After Dec. 8, an elected official other than Bob Whalen will occupy the mayor’s chair during Laguna Beach City Council meetings and represent the city at government and civic functions.
If history is a guide, after a one-year stint as mayor, Whalen will pass the baton to Steve Dicterow, the current mayor pro tem, who would be serving in the post for a fourth time. “Traditionally the mayor pro tem is voted by the council to serve as mayor,” explained Councilmember Toni Iseman.
Dicterow, though, is unwilling to anticipate the outcome of voting next week by his colleagues. “The transition is not automatic,” said Dicterow, though only three votes are necessary for his ascent to the position. “If I am fortunate enough to be selected it will be an incredible honor to serve,” Dicterow said, declining to outline any specific future initiatives until the vote is recorded.
Dicterow, 60, an attorney, has been a council member from 1994-2006 and was elected again in 2012. He served as mayor three times previously. Over that two decade span, he points to three significant accomplishments, representative of what can be done when “people on the council work together to find solutions,” he said.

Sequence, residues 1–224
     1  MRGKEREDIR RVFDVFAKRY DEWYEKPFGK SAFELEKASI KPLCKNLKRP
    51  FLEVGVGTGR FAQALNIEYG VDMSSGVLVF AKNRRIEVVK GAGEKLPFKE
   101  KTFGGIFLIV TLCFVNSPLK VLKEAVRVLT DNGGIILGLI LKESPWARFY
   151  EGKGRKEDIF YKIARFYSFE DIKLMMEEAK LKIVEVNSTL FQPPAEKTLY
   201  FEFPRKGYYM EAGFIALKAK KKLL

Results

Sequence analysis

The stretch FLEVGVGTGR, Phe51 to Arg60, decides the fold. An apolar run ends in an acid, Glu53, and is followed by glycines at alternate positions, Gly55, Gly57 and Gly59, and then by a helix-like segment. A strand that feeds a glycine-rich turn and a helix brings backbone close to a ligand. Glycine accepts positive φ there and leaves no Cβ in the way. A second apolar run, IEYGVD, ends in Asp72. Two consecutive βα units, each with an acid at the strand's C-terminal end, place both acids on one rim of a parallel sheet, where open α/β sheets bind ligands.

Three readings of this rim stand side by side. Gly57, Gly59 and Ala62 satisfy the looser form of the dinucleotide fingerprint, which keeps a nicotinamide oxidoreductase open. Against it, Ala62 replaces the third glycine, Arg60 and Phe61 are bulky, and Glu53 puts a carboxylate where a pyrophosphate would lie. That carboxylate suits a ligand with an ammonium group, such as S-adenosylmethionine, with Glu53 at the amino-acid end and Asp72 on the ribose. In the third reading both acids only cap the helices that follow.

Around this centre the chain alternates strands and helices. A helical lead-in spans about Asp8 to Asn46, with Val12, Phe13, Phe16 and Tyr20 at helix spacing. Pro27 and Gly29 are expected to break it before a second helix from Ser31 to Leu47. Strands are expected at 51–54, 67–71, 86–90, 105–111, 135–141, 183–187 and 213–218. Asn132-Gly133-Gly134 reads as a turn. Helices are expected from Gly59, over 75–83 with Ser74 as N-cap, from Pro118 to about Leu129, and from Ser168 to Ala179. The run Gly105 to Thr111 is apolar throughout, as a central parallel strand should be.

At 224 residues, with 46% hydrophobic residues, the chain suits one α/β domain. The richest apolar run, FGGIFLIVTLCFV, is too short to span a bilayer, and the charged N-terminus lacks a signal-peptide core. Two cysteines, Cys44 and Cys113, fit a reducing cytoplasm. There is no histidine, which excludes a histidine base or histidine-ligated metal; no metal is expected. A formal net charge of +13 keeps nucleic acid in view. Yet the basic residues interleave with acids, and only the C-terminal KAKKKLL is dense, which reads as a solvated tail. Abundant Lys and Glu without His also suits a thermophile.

He was instrumental in adding five police officers to the Laguna force, in 1994-1995, which he claims led to a 50 percent decline in crime. He also participated in negotiating a reduction in a $20 million court judgement against the city over development in the Diamond-Crestview neighborhood. Property owners had sued the city to overturn certain building restrictions. “We got in there and worked to turn that into a zero balance,” he said.
Perhaps his most notable mark was participating in the approval of the Montage resort, which opened in 2003. “Residents of the city were evenly split on building the Montage,” he said. “It took political courage to get the hotel built, and history showed that it was a great decision; everyone loves the Montage now.”
Reflecting on 20 years working for the citizens of Laguna, Dicterow praises the current council membership for their leadership. “I have never seen a council work as well together,” he said. “There are strong and independent views which are sometimes in conflict, but we work hard to fill-in the nuance.” As an example of pragmatic decision making, he pointed to the recent council deliberations on short-term housing rentals. “You have those that want a complete ban, and those that want the city to stay out completely. We are creating solutions that fit the situation,” he said.